6. The FOIAct SUPERSEDES all other previous laws that seek to “keep information from the public” such as the Official Secrets Act, the Evidence Act, the Public Complaints Commission Act, the Statistics Act, the Criminal code, etc.
  7. National laws CANNOT be DOMESTICATED (Adamawa state, take note!), they can only be adopted
  8. States have two options as far as the law is concerned
  •         Adopt the FOI law in the state
  •       Pass state FOI law. In this case, if that of the state holds a different opinion from the Federal FOIA, the Federal FOIA supersedes! (no question or argument about this okay)
  1. The Act is broad  in application and covers over 500 institutions including all public institutions at Federal, State and Local Government levels, private institutions working with government funds (so, if Julius Berger has been contracted by the Federal Government to construct a road, information regarding the construction of the road can be requested from Juius Berger!),  
  2. All public institutions are supposed to submit an FOI compliance report to the Office of the Attorney General every February (OAGF) 1st (including the OAGF!) which the OAGF then submits to the National Assembly every year. For a summary of the FOI compliance results summary, visit the Federal Ministry of Justice FOI website. However, we have been told to expect a new improved FOI site soon!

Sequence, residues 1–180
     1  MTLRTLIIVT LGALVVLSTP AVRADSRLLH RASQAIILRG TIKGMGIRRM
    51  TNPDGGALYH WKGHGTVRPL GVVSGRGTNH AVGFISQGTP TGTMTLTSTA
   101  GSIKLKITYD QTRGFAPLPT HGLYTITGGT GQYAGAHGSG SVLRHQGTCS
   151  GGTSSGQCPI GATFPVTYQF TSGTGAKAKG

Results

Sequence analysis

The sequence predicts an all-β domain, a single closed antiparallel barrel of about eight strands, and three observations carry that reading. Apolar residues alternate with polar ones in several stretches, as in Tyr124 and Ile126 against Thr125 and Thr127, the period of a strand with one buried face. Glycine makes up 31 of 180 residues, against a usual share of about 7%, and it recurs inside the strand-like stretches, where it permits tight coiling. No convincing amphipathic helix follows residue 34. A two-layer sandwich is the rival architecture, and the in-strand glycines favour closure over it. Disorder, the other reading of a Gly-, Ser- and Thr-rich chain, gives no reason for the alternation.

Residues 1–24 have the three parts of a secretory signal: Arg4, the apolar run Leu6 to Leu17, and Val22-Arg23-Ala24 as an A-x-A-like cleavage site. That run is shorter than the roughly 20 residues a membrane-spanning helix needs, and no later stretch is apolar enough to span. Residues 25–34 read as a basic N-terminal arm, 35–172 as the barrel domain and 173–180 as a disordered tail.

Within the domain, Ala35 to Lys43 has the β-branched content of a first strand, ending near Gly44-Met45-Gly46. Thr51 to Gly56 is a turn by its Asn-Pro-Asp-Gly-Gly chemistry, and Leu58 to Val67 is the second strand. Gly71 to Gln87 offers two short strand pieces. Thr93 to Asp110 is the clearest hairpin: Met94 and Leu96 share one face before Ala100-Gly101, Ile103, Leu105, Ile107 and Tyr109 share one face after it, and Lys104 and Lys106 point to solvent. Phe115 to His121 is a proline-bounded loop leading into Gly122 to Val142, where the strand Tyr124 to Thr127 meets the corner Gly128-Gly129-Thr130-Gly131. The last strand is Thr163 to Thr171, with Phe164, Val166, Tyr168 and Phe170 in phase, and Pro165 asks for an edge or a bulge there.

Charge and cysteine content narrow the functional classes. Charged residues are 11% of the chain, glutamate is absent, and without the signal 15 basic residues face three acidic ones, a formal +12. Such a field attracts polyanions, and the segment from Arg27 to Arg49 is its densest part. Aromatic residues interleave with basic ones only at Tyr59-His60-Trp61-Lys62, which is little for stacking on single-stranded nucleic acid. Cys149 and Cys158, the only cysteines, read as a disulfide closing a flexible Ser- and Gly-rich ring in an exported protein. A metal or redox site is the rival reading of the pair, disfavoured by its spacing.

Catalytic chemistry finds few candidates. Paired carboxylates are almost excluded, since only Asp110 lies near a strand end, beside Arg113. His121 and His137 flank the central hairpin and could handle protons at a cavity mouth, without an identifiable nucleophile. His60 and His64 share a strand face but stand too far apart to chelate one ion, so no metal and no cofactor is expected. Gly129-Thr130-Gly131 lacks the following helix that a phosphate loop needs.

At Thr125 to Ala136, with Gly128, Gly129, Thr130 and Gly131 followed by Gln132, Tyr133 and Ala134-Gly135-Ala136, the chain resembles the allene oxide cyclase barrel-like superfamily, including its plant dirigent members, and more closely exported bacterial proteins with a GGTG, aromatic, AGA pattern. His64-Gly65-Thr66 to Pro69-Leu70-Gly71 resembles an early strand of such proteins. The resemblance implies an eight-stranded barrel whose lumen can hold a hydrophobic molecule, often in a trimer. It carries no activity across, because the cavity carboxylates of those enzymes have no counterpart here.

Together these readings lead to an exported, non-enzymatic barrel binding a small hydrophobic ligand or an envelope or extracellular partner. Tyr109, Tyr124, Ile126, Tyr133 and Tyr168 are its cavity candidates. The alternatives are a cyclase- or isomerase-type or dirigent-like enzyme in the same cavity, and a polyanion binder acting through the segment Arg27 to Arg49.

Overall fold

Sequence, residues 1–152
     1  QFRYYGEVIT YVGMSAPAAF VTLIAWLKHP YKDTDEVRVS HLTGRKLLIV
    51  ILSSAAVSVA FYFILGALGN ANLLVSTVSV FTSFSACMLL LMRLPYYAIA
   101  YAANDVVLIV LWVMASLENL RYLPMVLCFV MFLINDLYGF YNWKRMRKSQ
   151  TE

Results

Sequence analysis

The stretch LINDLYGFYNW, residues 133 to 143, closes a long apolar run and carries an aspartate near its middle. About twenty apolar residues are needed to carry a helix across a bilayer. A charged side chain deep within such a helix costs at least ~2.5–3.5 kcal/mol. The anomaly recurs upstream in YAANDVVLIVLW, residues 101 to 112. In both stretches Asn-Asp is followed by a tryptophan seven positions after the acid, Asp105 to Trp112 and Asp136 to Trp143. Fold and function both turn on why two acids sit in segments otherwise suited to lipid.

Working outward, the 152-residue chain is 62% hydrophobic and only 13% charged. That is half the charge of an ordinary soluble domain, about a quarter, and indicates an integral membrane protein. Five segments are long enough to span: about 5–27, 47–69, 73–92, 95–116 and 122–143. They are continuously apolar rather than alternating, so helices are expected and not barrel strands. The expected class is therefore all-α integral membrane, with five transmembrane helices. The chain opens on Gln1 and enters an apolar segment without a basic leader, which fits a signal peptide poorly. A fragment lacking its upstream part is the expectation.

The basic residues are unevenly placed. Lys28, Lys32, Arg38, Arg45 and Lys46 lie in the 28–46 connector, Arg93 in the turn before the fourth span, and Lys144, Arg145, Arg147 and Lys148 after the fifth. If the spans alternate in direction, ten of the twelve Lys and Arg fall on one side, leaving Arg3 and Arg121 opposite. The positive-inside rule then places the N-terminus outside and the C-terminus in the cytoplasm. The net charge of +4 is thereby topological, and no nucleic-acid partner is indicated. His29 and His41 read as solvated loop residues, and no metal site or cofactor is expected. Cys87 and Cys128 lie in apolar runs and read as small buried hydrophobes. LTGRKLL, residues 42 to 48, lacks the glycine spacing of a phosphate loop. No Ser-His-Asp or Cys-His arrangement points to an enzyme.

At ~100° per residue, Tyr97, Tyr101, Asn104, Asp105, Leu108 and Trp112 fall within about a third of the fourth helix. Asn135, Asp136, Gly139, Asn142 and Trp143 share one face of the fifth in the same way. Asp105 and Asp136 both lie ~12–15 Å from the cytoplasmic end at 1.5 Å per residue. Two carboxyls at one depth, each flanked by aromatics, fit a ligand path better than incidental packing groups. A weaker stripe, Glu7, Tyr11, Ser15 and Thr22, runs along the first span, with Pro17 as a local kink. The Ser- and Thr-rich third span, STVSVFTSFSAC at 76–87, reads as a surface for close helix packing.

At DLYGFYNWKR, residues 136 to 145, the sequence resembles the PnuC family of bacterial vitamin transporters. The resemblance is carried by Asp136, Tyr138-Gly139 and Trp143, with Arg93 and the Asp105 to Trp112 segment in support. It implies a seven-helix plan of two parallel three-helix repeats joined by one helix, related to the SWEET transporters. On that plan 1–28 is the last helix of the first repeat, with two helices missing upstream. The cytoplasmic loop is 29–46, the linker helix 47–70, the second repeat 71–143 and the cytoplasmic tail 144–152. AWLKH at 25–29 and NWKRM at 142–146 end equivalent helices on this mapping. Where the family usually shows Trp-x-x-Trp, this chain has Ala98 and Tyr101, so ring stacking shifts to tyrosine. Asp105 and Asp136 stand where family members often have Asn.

3. Currently, out of over 500 institutions, only about 20 submit FOI compliance reports to the OAGF (just imagine!)
  4. All public institutions (Ministry, Department, Agencies) are MANDATED to disclose certain information proactively and are liable to be sued on the grounds of denial if they do not publish this information (who knew!) Even the OAGF has been sued on several occasions for this (na wa ooo…even the enforcer is a culprit..okay!)
  5.   The OAGF is supposed to devise mechanisms to encourage compliance from public institutions which he is supposed to show proof of in his yearly submission to the National Assembly

My Recommendations:

  • the official secrets Act should be repealed
  • the OAGF should do more to ensure compliance by public institutions; more public naming and shaming, publish compliance records for everyone to see!
  • The Act should be amended to include punitive measures for institutions that fail to disclose proactively!